Using solar power for good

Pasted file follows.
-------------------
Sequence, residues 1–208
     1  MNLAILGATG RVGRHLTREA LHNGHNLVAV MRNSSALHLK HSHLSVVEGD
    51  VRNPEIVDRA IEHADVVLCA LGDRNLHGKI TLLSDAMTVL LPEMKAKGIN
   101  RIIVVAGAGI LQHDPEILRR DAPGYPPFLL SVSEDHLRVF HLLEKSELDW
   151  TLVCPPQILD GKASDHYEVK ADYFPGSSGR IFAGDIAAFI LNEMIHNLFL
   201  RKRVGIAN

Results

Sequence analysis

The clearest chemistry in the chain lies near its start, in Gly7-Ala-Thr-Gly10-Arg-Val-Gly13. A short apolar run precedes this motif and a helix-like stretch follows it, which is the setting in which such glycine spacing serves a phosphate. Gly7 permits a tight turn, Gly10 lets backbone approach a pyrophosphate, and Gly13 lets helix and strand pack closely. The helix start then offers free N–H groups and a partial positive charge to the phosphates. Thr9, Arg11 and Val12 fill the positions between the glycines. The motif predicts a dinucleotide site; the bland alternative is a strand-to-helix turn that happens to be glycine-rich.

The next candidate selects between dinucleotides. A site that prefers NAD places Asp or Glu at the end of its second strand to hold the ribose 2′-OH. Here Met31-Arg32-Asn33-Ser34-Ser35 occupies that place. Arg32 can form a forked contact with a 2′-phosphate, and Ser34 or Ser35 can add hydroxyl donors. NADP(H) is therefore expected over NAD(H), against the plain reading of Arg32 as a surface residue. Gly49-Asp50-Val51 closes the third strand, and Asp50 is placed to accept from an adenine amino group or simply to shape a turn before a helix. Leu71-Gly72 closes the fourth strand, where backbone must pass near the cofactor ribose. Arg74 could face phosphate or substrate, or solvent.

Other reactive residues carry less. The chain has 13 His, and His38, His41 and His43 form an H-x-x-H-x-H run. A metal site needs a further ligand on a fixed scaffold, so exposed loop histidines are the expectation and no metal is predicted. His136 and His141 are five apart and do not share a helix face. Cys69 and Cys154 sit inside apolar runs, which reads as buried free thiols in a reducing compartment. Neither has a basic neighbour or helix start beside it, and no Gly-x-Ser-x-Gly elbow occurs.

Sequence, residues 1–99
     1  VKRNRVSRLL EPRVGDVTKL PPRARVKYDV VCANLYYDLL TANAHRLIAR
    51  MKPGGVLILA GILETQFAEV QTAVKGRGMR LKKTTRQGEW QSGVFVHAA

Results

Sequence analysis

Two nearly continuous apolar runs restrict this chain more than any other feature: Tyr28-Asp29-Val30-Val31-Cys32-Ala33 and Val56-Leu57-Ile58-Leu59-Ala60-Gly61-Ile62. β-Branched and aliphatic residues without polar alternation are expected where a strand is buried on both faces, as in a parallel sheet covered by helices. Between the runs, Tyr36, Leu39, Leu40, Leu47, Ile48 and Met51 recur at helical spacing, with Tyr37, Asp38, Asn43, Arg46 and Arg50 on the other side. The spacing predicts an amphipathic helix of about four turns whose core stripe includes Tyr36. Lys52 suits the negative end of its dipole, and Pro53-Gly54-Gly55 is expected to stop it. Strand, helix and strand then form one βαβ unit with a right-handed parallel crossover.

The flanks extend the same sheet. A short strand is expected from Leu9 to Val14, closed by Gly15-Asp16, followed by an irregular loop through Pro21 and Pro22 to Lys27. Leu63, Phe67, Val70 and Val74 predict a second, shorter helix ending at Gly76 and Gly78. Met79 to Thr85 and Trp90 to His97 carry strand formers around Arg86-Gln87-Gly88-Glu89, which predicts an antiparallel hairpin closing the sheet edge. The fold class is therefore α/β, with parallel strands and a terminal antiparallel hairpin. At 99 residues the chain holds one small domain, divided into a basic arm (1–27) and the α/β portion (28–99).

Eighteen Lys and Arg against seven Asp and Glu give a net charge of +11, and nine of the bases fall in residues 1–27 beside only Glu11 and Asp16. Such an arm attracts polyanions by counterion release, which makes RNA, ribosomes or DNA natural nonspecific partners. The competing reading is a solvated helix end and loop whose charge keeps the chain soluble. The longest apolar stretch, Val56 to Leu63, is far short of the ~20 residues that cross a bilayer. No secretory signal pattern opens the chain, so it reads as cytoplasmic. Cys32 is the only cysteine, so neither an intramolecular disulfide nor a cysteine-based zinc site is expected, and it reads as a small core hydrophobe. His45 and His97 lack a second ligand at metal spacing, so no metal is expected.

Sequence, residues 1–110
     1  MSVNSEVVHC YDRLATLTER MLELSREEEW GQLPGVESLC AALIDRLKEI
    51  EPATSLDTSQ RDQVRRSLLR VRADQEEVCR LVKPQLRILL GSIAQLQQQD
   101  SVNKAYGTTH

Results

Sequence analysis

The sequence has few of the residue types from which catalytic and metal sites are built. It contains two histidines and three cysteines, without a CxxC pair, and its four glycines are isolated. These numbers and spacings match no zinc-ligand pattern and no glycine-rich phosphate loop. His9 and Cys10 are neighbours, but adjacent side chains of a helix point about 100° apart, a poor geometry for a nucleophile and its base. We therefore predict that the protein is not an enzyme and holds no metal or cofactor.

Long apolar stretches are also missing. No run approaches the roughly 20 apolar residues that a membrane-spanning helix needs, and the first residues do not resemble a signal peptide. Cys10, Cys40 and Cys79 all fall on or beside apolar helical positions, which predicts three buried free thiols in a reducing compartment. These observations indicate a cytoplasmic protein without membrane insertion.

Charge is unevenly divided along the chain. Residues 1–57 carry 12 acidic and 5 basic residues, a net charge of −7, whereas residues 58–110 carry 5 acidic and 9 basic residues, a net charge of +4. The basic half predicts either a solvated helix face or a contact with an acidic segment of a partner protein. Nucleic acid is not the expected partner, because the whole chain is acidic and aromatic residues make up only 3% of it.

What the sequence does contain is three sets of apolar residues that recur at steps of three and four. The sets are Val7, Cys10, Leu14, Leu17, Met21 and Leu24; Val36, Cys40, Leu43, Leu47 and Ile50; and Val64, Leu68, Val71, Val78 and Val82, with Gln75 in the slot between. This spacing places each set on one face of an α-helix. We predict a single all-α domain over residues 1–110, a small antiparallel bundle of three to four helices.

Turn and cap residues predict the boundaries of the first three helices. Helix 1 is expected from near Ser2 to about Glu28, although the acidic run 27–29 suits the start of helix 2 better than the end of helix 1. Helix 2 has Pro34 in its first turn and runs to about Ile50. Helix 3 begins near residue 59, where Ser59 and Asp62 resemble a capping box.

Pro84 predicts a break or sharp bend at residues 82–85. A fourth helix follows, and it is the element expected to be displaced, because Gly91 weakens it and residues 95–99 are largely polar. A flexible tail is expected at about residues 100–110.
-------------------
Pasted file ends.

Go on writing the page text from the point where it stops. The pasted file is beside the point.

Dear Editor:This letter is in response to Monday’s front-page article titled “Solar Energy Meets the Dark Side,” July 9. I do agree that the sight of solar panels springing up may be somewhat new to some, and maybe even disturbing to a few of our fellow citizens. And that it may take time before everyone understands what solar panels have to offer all of us. But I would ask your writers to keep their eye on the importance of solar energy, not on the juicy story some conflict might provide.While some local utilities are making broad advances in the use of renewable power (most notably Aspen Municipal Electric and Holy Cross Energy). The real dark side is what lurks hidden at the end of the wire that feeds many of our homes. Coal-fired electricity generation plants provide the majority of Colorado’s electrical power. Burning coal releases a witches’ brew of mercury, sulfur and the predominant greenhouse gas, CO2.Solar panels offer clean power that does not pollute our air, and helps contribute to a more stable climate for us and future generations. For those interested in learning more about global warming I suggest reading Dr. Joseph Romm’s book “Hell and High Water.” Skico’s Auden Schendler originally recommended this book to me, and it offers a very well-researched and authoritative review of recent literature on this critical topic.Finally, the article did not mention that the Community Office for Resource Efficiency offers solar rebates to full-time residents of the Roaring Fork Valley. These rebates are funded through the Aspen/Pitkin County REMP program. Please see or call (970)544-9808 to learn more.Gary GoodsonAssociate director/COREBasalt